WASHINGTON, DC - OCTOBER 5: U.S. President Donald Trump (C), national security advisor H.R. McMaster (L), White House chief of staff John Kelly (2nd L) and Defense Secretary Jim Mattis (R) attend a briefing with senior military leaders in the Cabinet Room of the White House October 5, 2017 in Washington, D.C. Mattis said this week that the U.S. and allies are 'holding the line' against the Taliban in Afghanistan as forecasts of a significant offensive by the militants remain unfulfilled. (Photo by Andrew Harrer-Pool/Getty Images)

WASHINGTON, DC - OCTOBER 5: U.S. President Donald Trump (C), national security advisor H.R. McMaster (L), White House chief of staff John Kelly (2nd L) and Defense Secretary Jim Mattis (R) attend a briefing with senior military leaders in the Cabinet Room of the White House October 5, 2017 in Washington, D.C. Mattis said this week that the U.S. and allies are 'holding the line' against the Taliban in Afghanistan as forecasts of a significant offensive by the militants remain unfulfilled. (Photo by Andrew Harrer-Pool/Getty Images)

National security advisor H.R. McMaster, Defense Secretary Jim Mattis, President Donald Trump, and White House chief of staff John Kelly attend a briefing with senior military leaders in the Cabinet Room of the White House Oct. 5 in Washington.
Pool/Getty Images

President Trump’s decision to announce Thursday that he would recognize Jerusalem as Israel’s capital reportedly divided his advisers, with Secretary of State Rex Tillerson and Secretary of Defense James Mattis opposed to the move and Vice President Mike Pence, chief of staff John Kelly, and Ambassador to the United Nations Nikki Haley arguing for it. Donor Sheldon Adelson was also a key voice urging Trump to make this call, according to the Washington Post.

That Trump would disregard Tillerson’s advice is hardly surprising at this point, but the fact that Mattis couldn’t sway his boss is a little more concerning. Bloomberg reports that Mattis was worried “about a potential backlash and resulting security threats.” Asked by reporters to describe his position earlier this week, he said only, “I made my recommendation, and I’ll just leave it at that.”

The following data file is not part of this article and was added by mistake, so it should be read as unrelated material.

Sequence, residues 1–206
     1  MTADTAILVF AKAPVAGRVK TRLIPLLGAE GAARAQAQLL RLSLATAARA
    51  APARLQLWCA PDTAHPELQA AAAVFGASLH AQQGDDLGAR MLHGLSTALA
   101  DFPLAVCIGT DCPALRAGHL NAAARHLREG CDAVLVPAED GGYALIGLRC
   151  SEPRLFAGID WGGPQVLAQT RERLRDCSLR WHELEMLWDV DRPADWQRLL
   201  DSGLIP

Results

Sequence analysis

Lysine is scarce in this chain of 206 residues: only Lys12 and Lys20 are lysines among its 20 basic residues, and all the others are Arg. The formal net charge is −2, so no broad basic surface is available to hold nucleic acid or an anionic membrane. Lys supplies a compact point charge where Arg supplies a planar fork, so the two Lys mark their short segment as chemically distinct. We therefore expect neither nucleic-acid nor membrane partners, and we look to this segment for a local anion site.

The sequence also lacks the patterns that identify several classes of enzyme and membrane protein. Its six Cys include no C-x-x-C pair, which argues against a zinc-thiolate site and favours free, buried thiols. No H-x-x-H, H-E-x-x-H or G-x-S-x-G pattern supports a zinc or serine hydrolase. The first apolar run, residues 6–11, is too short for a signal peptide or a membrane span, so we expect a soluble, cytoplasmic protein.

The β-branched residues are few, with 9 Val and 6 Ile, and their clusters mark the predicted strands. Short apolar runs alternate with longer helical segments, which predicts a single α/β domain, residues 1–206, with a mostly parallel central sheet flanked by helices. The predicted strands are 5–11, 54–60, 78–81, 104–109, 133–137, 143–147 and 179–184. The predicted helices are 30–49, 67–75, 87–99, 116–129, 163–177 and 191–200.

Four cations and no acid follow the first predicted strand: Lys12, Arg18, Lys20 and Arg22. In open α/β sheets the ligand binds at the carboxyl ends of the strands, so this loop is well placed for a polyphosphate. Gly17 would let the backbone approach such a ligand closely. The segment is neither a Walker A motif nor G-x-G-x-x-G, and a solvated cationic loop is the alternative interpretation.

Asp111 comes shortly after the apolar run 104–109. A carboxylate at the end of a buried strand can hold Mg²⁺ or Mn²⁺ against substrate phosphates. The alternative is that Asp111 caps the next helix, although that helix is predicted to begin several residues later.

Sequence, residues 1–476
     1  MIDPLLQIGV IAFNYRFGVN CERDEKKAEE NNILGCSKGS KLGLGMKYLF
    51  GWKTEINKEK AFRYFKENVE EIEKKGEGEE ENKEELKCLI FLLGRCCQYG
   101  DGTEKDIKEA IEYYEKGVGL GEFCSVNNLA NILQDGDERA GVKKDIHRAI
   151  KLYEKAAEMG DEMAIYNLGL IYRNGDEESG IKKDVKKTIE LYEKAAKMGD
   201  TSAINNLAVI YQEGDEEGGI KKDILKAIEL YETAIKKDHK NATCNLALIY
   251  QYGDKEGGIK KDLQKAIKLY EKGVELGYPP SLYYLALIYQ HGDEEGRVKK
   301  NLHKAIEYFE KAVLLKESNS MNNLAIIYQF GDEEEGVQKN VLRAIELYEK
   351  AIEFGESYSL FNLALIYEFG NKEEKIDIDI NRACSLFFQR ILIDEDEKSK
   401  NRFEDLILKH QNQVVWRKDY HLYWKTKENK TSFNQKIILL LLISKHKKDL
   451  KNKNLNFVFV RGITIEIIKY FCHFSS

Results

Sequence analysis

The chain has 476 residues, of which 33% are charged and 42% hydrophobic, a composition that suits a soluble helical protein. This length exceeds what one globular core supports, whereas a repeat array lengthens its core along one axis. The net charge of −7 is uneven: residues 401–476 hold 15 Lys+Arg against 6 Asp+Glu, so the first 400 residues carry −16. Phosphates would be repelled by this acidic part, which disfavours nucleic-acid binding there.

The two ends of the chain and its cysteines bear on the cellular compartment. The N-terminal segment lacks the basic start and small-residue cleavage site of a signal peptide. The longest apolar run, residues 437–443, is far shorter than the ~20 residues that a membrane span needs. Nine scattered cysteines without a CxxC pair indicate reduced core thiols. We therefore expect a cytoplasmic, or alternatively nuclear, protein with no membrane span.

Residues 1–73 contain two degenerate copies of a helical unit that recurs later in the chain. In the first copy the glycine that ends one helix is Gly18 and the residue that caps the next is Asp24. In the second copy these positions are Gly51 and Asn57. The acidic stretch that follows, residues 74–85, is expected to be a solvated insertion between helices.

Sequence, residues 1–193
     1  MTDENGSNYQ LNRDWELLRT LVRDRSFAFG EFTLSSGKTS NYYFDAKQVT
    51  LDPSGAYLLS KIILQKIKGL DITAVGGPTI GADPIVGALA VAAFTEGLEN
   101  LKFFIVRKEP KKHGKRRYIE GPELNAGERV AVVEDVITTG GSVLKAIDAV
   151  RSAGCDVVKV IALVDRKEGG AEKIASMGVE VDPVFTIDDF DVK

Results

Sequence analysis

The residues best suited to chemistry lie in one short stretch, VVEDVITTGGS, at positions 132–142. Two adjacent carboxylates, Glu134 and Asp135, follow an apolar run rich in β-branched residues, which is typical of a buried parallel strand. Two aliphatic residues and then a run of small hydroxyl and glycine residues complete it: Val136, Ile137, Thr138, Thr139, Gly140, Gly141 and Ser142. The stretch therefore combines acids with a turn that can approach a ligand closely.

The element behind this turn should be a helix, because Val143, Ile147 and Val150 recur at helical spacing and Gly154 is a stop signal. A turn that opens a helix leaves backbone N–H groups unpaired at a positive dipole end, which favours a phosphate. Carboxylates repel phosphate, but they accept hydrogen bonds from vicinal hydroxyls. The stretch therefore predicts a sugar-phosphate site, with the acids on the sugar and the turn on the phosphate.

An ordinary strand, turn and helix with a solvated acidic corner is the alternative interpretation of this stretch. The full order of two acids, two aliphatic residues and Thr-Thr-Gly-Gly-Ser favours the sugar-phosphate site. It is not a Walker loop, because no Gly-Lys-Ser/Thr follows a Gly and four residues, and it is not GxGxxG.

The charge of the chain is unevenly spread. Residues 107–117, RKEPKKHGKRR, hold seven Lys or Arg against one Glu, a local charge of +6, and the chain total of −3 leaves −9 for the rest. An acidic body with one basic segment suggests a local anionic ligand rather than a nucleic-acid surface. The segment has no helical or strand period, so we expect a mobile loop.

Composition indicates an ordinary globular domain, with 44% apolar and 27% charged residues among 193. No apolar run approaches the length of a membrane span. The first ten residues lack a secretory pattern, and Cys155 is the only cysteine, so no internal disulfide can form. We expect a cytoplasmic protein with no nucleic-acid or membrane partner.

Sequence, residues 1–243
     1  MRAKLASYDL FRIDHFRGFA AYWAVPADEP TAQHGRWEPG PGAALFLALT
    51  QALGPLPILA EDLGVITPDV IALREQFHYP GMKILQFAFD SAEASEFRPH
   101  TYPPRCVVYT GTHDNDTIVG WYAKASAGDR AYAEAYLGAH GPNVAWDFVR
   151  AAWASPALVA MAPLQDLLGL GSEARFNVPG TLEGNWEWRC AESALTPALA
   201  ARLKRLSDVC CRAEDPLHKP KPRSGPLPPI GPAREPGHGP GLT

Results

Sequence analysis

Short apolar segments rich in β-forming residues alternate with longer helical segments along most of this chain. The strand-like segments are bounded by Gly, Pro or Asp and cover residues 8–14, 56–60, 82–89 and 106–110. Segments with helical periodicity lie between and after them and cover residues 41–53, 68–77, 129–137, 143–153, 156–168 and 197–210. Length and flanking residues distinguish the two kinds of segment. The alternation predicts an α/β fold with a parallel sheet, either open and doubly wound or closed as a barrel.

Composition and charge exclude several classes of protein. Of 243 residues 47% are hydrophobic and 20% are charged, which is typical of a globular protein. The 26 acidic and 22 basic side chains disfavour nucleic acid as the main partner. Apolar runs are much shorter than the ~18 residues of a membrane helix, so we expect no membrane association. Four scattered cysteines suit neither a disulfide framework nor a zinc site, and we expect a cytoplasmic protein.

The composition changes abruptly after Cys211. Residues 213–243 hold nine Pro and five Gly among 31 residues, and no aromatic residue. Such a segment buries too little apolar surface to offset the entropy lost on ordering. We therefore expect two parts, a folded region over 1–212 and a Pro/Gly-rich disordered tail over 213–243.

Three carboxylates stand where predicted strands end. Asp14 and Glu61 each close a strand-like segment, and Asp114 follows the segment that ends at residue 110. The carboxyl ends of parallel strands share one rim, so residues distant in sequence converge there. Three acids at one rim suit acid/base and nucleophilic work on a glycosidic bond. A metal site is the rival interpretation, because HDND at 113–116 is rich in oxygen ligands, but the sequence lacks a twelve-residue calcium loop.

Over the past year, there’s been a comforting idea held by those of us who are concerned about a leader this erratic: that the “grown-ups in the room”—who in this case are mostly military men like Mattis, Kelly, and national security adviser H.R. McMaster—could rein in his worst impulses. A surprising upside to Trump relegating national security decisions to the generals is that these generals tend to have fairly conventional views.

There’s been some evidence that this works. Mattis has talked the president down from his campaign pledge to bring back torture, McMaster has purged the National Security Council of Steve Bannon’s ideological influence, and Kelly has kept John Bolton and his bad Iran ideas away from the president’s ears. The result is a foreign policy that’s been less of a break from convention than we might have expected at the outset.

But the Jerusalem decision suggests there are limits to how much the grown-ups can accomplish when Trump’s ego and political priorities get involved. The Post quotes one Trump confidant saying, “The decision wasn’t driven by the peace process … The decision was driven by his campaign promise.” He also reportedly told attorney Alan Dershowitz, “I’m going to do it. Every other president has promised, and all of them didn’t keep their prom­ises.” Pence “told Trump that his base would love the decision, something the president liked to hear.” These factors were evidently enough to outweigh warnings that recognizing Jerusalem would cripple efforts to negotiate an Israeli-Palestinian peace deal—a goal he has expressed interest in—and could put American lives at risk.

All of this made me imagine a scenario: North Korea test-fires an intercontinental ballistic missile thousands of miles into the Pacific in its most brazen display yet. The White House considers responding with military force. Mattis and Tillerson (if he’s still on the job) warn against military action, arguing that there’s no way to secure North Korea’s nuclear sites without a ground invasion and that North Korea could retaliate against U.S. military targets in South Korea and Japan. The governments of those two countries as well as his good friend Xi Jinping of China would also beg Trump not to attack, knowing that a war on the Korean peninsula could cost thousands or even millions of lives, even if North Korea is unable to use its nuclear weapons. Above all, the voices of caution would say, Trump must not strike first with nuclear weapons, ending more than 70 years in which the countries possessing the world’s most powerful weapons have refrained from using them.

Then he would consider some other factors: one, that polls show a majority of Americans support using military force against North Korea if diplomatic efforts fail and would probably support nuclear first use as well. Two, that Bill Clinton, George W. Bush, and Barack Obama all failed to prevent North Korea from developing nuclear weapons. And three, that he’s been vowing since before he became president to stop North Korea’s tests and repeatedly threatened to use military force if the provocations continue. Failing to do so after all the tough talk is starting to make him look weak.

How confident are we that the grown-ups will be able to talk him down?

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